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Animal Waste (Report)

Volume 76: debated on Wednesday 3 April 1985

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asked the Secretary of State for Trade and Industry when the Monopolies and Mergers Commission report on the "Supply of Animal Waste in Great Britain" is to be published; and if he will make a statement.

The report is published today. The commission found that a monopoly situation existed in that about 44 per cent. of animal waste was supplied to the Prosper de Mulder Group. It also found that implementation of the company's pricing policy for purchases of animal waste was against the public interest. This included both prices paid by the company to abattoirs for waste material for rendering and also prices paid to the abattoirs for contracts to operate their gut-rooms, where abdominal material is recovered and sorted. The commission found that in both cases, when faced with loss of supplies, Prosper de Mulder attempted to secure or recover them by a price campaign, aimed mainly at particular competitors, regardless of whether the prices paid or offered would involve it in losses (which might be met through cross-subsidation). The particular effect adverse to the public interest was that this was likely to restrict competition in rendering or in gut-room operation.The commission found no current cases of such pricing for material for rendering, but drew attention to the fact that any future examples of predatory pricing in this field could be investigated under the Competition Act 1980. Regarding gut-room contracts there was a current problem and the commission therefore recommended that Prosper de Mulder should give an undertaking that it would not offer for or enter into gut-room contracts without having first established a reasonable expectation that the operation of any particular gut-room, taken on its own, would be carried on at a profit. There should be no cross-subsidisation between gut-room business and other parts of the company's business or between any individual gut-room operations.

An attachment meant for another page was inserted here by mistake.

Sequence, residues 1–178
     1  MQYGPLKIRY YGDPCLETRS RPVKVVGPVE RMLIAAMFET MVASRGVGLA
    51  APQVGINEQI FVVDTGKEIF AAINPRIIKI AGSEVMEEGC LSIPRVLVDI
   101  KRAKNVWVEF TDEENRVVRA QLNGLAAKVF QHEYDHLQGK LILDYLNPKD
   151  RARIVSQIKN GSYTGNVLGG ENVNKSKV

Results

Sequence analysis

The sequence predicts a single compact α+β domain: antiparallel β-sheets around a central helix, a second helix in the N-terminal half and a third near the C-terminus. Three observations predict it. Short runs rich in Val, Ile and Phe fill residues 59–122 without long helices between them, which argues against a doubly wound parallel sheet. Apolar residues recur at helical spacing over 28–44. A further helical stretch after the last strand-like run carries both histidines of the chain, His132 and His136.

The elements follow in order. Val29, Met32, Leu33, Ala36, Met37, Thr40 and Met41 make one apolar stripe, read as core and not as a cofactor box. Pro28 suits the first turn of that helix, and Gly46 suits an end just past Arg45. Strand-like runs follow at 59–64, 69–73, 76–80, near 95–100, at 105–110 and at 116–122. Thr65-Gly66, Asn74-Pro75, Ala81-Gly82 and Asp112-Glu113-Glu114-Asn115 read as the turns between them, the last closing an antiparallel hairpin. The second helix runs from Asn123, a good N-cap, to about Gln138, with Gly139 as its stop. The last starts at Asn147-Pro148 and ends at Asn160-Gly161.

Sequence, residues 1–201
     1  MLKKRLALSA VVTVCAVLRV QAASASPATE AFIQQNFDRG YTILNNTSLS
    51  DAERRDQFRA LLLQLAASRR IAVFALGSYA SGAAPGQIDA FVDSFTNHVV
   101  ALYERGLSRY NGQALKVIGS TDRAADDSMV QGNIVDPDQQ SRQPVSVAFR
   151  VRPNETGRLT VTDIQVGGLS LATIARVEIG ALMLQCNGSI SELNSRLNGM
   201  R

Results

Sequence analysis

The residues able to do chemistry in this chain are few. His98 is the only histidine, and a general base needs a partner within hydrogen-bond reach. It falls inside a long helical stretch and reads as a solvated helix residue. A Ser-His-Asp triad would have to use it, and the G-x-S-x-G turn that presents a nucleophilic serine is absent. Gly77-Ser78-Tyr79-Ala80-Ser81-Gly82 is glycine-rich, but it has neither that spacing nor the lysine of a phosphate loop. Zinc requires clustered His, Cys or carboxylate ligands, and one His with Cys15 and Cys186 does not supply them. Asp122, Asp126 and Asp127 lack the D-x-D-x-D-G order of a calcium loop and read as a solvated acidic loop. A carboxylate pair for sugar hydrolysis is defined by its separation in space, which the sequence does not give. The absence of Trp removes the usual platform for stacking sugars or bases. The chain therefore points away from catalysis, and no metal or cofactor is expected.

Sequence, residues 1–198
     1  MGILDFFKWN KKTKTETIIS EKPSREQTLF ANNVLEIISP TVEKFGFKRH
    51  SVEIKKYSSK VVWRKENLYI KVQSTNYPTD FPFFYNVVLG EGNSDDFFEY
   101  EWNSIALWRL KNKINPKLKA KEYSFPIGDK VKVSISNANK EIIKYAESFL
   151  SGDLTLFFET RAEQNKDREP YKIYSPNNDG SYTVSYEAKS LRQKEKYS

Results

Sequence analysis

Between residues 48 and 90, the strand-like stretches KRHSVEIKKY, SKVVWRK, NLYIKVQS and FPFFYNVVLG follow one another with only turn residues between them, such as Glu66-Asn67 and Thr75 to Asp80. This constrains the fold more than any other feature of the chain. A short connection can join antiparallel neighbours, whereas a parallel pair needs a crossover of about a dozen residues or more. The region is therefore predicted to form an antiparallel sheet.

The commission also considered allegations that Prosper de Mulder might be refusing to collect an abattoir's low grade material unless it was also offered the high grade material. The commission found no specific cases of this conditional buying and they accepted an assurance from Prosper de Mulder that it never had, nor ever would follow, this practice.

Finally, the commission made two further suggestions for action to maintain competition in the industry. First, it pointed out that further acquisitions of renderers on waste collectors by Prosper de Mulder could be referred for investigation under the merger provisions of the Fair Trading Act, and suggested that this be considered. Secondly, it considered that the tendency of local authorities to seek stricter enforcement of anti-pollution measures might cause problems for existing renderers and possible new entrants to the market. It recognised the need for the public to be protected by such measures and had no wish to suggest any relaxation of steps to enforce them; but it expressed interest in a suggestion made to it that a system of voluntary arbitration might be set up under which a member of the Institute of Environmental Health Officers and a member of the United Kingdom Renderers Associations would visit plants with odour problems and suggest remedies.

I accept the findings of this report. I am asking the Director General of Fair Trading to open discussions with Prosper de Mulder Ltd. with a view to securing an appropriate undertaking regarding gut-room contracts. I am also asking the Director General to seek assurances from the company that it will not pursue a policy of conditional buying and that it will notify the Director General in advance of any proposal to acquire any other rendering business.

I have asked my right hon. Friend the Secretary of State for the Environment to consider the commission's suggestion regarding environmental health controls.